Persons who follow a low-residue diet (LRD) prior to colonoscopy experience superior bowel preparation compared with persons who follow a clear-liquid diet (CLD), according to results of a prospective trial presented at ACG 2019.
Nabil Chehade, MD, from the University of California Irvine Medical Center, and colleagues randomly assigned 170 patients who were scheduled for an outpatient colonoscopy to either a CLD or planned LRD for the full day prior to colonoscopy.
Both groups received split-dose polyethylene glycol electrolyte lavage solution, 4 L.
The Boston Bowel Preparation Scale (BBPS) was used to determine the adequacy of bowel preparation, which was defined as a BBPS score of 7 or higher.
The researchers used a 10-point scale to grade hunger and fatigue before and after colonoscopy. Nausea, vomiting, bloating, abdominal cramping, overall discomfort, satisfaction with the diet, willingness to repeat the same preparation, and overall experience were assessed.
The mean BBPS score was 7.98 and 7.54 among the LRD and CLD groups, respectively.
A greater number of adequate preparations were observed among the patients in the LRD group compared with patients in the CLD group.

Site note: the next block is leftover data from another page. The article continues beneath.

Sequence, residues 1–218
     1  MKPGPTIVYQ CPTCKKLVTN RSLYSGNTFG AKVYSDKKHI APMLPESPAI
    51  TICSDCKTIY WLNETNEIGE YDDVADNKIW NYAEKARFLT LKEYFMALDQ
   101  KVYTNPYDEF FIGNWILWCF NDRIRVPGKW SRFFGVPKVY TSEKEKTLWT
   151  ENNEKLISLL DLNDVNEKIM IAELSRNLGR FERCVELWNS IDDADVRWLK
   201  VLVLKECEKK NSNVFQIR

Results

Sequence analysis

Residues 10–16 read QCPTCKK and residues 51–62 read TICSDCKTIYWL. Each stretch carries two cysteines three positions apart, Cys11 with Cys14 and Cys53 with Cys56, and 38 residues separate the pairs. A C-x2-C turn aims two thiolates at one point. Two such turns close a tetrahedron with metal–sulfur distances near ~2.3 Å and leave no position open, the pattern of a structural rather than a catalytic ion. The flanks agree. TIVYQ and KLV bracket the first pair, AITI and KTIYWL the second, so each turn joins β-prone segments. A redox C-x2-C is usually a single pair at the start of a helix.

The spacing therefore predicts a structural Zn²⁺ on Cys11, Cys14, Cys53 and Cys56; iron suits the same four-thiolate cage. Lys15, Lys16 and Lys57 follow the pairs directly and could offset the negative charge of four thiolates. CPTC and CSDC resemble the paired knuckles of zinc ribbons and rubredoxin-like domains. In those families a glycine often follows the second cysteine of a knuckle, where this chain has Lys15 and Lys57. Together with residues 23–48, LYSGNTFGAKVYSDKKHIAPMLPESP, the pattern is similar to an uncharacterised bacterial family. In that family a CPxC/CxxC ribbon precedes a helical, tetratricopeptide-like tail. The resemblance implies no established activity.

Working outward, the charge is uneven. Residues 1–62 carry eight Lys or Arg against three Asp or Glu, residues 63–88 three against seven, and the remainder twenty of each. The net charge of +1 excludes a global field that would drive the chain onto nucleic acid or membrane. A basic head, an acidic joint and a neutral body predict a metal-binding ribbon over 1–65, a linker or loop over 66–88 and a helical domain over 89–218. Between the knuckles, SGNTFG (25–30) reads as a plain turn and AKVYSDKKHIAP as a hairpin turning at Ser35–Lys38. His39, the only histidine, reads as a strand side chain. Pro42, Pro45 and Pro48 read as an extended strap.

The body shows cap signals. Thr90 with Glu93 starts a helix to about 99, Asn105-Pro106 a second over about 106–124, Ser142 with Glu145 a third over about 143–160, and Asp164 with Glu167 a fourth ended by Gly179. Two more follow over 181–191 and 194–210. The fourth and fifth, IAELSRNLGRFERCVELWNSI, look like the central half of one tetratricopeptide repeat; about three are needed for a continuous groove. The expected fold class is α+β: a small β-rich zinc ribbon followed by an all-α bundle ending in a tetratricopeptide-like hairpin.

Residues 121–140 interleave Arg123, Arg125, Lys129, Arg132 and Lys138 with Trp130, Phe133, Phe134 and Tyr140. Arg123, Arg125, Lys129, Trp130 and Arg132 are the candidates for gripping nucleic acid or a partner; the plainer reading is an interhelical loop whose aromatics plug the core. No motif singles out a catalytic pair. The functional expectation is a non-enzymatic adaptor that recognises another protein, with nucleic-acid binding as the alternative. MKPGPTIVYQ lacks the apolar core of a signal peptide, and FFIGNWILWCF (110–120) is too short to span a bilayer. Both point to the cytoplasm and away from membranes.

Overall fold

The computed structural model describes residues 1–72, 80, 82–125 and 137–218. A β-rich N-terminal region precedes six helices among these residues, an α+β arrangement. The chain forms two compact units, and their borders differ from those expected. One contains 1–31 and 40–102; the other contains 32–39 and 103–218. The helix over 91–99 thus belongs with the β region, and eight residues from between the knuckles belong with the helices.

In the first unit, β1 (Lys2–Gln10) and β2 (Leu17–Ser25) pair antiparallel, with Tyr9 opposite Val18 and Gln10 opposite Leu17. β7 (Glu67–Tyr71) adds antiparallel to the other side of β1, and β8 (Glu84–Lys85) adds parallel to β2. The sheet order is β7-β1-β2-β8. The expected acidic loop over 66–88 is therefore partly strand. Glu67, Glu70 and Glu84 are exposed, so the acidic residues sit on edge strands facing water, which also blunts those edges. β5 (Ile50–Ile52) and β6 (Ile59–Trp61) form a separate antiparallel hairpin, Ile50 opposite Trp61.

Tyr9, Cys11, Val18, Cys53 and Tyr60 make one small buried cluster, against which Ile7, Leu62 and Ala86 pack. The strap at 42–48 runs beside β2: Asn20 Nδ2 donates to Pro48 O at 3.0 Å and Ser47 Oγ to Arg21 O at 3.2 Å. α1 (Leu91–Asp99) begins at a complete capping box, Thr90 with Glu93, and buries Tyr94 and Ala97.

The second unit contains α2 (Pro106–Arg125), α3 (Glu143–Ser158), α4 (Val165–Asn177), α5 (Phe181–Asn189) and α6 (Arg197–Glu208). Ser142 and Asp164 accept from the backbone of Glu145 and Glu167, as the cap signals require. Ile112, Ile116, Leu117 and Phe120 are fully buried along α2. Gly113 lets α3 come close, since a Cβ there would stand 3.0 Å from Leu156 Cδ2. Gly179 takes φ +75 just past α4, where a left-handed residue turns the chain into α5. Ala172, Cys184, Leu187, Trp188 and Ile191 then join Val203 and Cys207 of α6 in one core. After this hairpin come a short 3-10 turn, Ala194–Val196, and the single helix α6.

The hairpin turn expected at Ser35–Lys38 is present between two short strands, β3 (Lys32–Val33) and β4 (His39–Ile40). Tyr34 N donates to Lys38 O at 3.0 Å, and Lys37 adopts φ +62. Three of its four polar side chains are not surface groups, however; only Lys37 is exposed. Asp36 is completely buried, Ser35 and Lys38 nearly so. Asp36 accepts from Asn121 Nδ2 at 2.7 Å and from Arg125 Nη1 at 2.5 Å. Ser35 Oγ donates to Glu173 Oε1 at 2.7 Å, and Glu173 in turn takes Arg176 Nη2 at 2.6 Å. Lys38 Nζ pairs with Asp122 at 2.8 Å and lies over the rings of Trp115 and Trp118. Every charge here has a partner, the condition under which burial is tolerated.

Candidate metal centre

Evening hunger scores prior to the initiation of bowel preparation were lower among the patients in the LRD group compared with patients in the CLD group (5.5 vs 7.03, respectively).
Patients in the LRD group experienced significantly less nausea and bloating. Satisfaction with the diet was significantly higher among patients in the LRD group than patients in the CLD group (100% vs 33%, respectively). The overall colonoscopy experience and the satisfaction with the preparation were also reported as better among patients in the LRD group.
Symptom scores for vomiting, abdominal cramping, and overall discomfort were similar between the groups.
“This study demonstrated that the use of a LRD before colonoscopy achieves a superior bowel preparation quality compared to CLD,” Dr Chehade concluded. “Low-residue diet also improves patient satisfaction and results in significantly better tolerability of bowel preparation. As a less restrictive dietary regimen, low-residue diet may help improve patient participation in colorectal cancer screening programs.” —Melinda Stevens